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--> is the perception that they have to work harder than men to prove themselves. Concomitantly, although it is documented that some women are hired at salaries comparable to, or even larger than, those of men with similar background and experiences, the median annual salary for women scientists and engineers is lower than that of men at comparable levels. The situation is even worse for minority women. It should be noted, however, that although the difficulties imposed by the male culture of the workplace are genuine, many women have self-defeating behavior, resulting from low estimates of themselves, low expectations, and low aspirations. The survey sponsored by the National Science Foundation that documented the greater attrition rate for women scientists and engineers149 found that their exit rates were highest in the first 10 years of employment. After that the rates began to converge with those of men. Data analysis showed that family status was not the determining factor; the difference in exit rates for women with different family status was small compared to the difference between women and men in the same family status category. Because the attrition of professionals represents a considerable financial loss, some companies make the effort to decrease attrition by improving working conditions for women. In at least one case, Corning, the company was successful over a period of five years in reducing the attrition rate for women to close to that of men. It should be noted that exit rates for Ph.D. women are smaller, close to those for men. Many companies have set up programs to aid in the recruitment, retention, and advancement of women. Presentations on these programs made by representatives of a number of companies showed many common elements. It was emphasized throughout that the essential underlying element for increasing the number of women in a company and for improving their situation is the commitment of top management. It is not unusual for industrial recruitment to be carried out by telephone calls to a few chosen colleagues or friends—the old boys' network. To recruit top-quality women and minorities, it is important to make a wider search. Several companies reported summer programs, scholarships, and fellowships as successful recruitment mechanisms. By these means, and regular contacts through specially assigned recruiters, these companies enhanced their success by building relationships with colleges and universities where women and minorities with the desired skills were likely to 149   Anne Preston, op. cit.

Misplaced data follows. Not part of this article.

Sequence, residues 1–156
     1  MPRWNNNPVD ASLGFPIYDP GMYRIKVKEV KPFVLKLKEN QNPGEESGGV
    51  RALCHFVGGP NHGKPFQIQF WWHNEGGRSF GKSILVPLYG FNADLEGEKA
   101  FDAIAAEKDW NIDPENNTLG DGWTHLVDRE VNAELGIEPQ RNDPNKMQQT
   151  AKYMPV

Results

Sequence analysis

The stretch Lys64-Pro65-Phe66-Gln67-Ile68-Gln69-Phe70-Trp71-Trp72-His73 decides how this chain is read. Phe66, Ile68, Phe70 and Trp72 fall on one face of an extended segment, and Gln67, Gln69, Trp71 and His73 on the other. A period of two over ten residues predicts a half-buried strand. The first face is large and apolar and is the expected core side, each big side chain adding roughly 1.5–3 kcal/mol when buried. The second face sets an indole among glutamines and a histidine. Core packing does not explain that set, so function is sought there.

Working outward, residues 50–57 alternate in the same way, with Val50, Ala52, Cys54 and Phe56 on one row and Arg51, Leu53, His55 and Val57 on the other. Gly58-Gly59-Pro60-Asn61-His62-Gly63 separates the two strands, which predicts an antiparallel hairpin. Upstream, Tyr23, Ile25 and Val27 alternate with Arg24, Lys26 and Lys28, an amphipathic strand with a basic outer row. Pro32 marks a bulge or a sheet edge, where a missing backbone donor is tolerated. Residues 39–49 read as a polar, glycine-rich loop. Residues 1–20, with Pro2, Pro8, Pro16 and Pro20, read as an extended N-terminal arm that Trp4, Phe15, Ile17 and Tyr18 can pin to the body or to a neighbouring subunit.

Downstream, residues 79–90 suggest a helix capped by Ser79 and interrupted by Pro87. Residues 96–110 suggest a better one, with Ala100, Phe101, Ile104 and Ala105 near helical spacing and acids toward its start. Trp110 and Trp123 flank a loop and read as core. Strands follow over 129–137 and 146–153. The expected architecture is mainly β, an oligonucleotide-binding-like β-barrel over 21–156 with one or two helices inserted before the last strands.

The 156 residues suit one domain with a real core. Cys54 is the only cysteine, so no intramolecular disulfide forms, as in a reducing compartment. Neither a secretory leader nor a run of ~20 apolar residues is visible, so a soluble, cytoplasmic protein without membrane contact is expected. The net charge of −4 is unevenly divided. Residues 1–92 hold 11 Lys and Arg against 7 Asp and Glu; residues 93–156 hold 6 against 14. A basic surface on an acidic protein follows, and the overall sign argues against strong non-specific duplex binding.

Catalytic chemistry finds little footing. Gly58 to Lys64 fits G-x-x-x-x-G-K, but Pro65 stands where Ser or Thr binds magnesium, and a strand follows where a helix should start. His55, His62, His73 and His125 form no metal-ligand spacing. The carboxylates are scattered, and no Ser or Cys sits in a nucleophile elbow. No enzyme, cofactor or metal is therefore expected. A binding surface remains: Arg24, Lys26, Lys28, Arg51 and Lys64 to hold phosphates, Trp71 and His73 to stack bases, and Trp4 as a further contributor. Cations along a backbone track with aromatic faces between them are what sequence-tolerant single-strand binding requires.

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--> be found. Another successful tactic rewards employees of a company with a bonus for referring a prospective employee who is subsequently hired. Many companies have found that corporate women's networks and advocacy groups have an important positive influence on recruitment and retention of women, providing a support system. Such a network can carry out mentoring and make suggestions to management on work-family issues or how to deal with sexual harassment, for example. It was emphasized that for the network to be successful, and to be viewed as an asset by management, its relevance to the bottom line should be clearly stated. The conference participants generally agreed that mentoring is of great importance. Research shows that women with successful S&E careers, almost without exception, had mentors who supported and encouraged them, particularly through the early phase of their careers. One company has institutionalized mentoring to the extent that each new female employee is given a mentor who is responsible for teaching the protegé how to progress in the company, encouraging her to take risks, and fully supporting her with appropriate training. To ensure the success of the mentorship program in this company, the mentors are given financial rewards, compensatory time, and other incentives. Another program found valuable by some companies is confidential one-on-one counseling, which is also made available to men. According to a recent survey of scientists and engineers in a few large technical companies, neither men nor women give their companies high marks for career development. The situation could be improved by following the recommendations of the Xerox Corporation's Women's Council: the criteria for promotion should be clarified; job opportunities throughout the company should be publicized; and internal hiring opportunities should be created to promote inter-organizational flow. The latter two measures are particularly important at a time when companies are not growing or, in fact, are shrinking. It was noted that lateral transfers may be important for subsequent promotion, but many women tend to avoid these transfers, apparently regarding them as risky. Whether or not this is the case, the glass ceiling is still a reality. Despite significant increases in the number of women in management in some companies, 95 percent of the top executive jobs in industry are held by white males. It might be argued that there have not been enough women in the pipeline in industry long enough for a sizable number to have achieved top status. However, in the cases of medicine, investment banking, and accounting, where sufficient